Example 3 – We bought a home last year, but we want to move. It looks like it’s worth about the same today as it was when we bought it. I know there are expenses in selling and marketing the home for sale. How do we get our down payment back in order to purchase another home?

Example 4- We purchased a home in a town close to our new jobs right after we got married. Now we are faced with a job relocation and we want to move closer to family. We owe more than the house is worth and if we decided to rent it out, we would be coming out of pocket over $1,000 per month. What can we do?

In the short term the market can be very unpredictable, making moving or selling a difficult decision or almost impossible. If we can start to look at buying a home differently and consider the fact that your home is not a true investment then we can move onto the next question..


 “Is now a good time to buy a home?” 



When people ask me this question what they really means is..

“If we buy a home right now, will it be worth more money in

the near future or will it be worth less?”

Future house values could be a factor in purchasing a home if you knew what the market was going to do and when, but I am saying that it shouldn’t be the main factor.  Nobody can time the market with precision and if you try, you will likely lose.  The best thing you can do is buy when the time is right for your situation, even if the market forecast is saying home values will decline. Buying may still be a good option for you!


In order to better answer this question we need to take a look at several considerable factors. Here is a short list I put together…


  • How long do you plan on living in the area?
  • What are the market rents compared to a mortgage in your area?
  • If you buy now and need to move soon would rents cover your mortgage?
  • Is deducting mortgage interest on your taxes a factor in purchasing?
  • Can you afford the homes in the areas you would like to live?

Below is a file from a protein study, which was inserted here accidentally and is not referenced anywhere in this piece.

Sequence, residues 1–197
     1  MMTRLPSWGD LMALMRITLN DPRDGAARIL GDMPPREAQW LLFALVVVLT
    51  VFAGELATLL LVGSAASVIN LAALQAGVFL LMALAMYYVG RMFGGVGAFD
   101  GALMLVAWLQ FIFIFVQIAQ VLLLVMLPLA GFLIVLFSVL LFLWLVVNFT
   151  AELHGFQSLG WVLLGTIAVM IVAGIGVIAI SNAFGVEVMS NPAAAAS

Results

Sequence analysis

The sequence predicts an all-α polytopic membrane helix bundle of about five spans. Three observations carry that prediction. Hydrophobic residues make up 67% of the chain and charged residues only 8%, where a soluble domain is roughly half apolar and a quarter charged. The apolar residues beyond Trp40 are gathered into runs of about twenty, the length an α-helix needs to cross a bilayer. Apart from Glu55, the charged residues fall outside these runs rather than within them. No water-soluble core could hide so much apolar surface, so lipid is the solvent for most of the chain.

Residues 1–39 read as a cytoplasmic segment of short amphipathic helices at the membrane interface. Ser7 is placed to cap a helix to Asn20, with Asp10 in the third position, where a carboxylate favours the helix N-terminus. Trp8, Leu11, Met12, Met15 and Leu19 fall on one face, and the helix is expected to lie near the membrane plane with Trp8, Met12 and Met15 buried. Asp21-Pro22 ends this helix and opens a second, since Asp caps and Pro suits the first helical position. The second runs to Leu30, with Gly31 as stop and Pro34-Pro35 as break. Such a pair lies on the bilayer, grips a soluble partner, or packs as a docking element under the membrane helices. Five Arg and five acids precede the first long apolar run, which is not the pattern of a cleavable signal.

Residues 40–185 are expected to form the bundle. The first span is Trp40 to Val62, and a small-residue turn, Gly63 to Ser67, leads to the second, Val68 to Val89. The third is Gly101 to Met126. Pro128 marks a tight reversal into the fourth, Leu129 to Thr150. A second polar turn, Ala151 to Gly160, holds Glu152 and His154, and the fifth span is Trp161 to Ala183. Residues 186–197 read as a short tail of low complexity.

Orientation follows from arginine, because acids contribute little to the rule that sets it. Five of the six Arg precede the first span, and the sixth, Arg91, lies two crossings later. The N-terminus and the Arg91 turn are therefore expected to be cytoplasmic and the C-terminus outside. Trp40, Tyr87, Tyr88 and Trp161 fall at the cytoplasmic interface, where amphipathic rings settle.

• What is the available housing inventory like?
  • Are children a factor?
  • Do you expect a job relocation soon?
  • Is your income likely to change in the future?
  • What is the real estate market doing right now?
  • What are interest rates doing?
  • How much money are you able to put down?
  • How protected are you financially in case of an emergency? What’s your savings look like?
  • Are you over leveraged or have large amounts of debt? (Cars, boats, credit cards, ect)

Navigating these questions before you buy a home can be difficult, but necessary. We can’t predict the future or rely solely on past cycles, but we can be more informed. If you ask yourself some of these important questions and make an educated decision, chances are you will have a favorable outcome. In doing so, regardless of where the market goes you will be more prepared.

The ultimate goal, in my opinion is to buy a home with the intention of paying the mortgage off.  That is truly the only way to make sure you win.

Is paying off your very first house realistic? I would say it’s possible, but odds are you will likely move before that happens because situations often change early in life and those changes may lead you in another direction.  So, with that in mind, plan on keeping your newly purchased home for a extended period of time (consider maybe a 10 +/- year plan) to counter or hedge against potential market fluctuations.

Home ownership is a staple of our country and something we can all hope for and look forward to someday. I don’t want to discourage anyone from buying a home but if we can retrain ourselves to set the right expectations ahead of time, make educated decisions, we stand a good chance of not being disappointed and to be  positioned for a bright future.

I want to Help!

If you know of someone that is considering buying a home please consider sharing this article with them or have them call me. I can help them navigate the buying process, help them set realistic goals, educate them on market conditions and achieve home ownership when they feel it’s the best time for them.


IMG-1538Anthony Pigati

Broker Owner – NextHome Town & Country

Direct| 925.383.5590 | |

CalBre Lic #01252162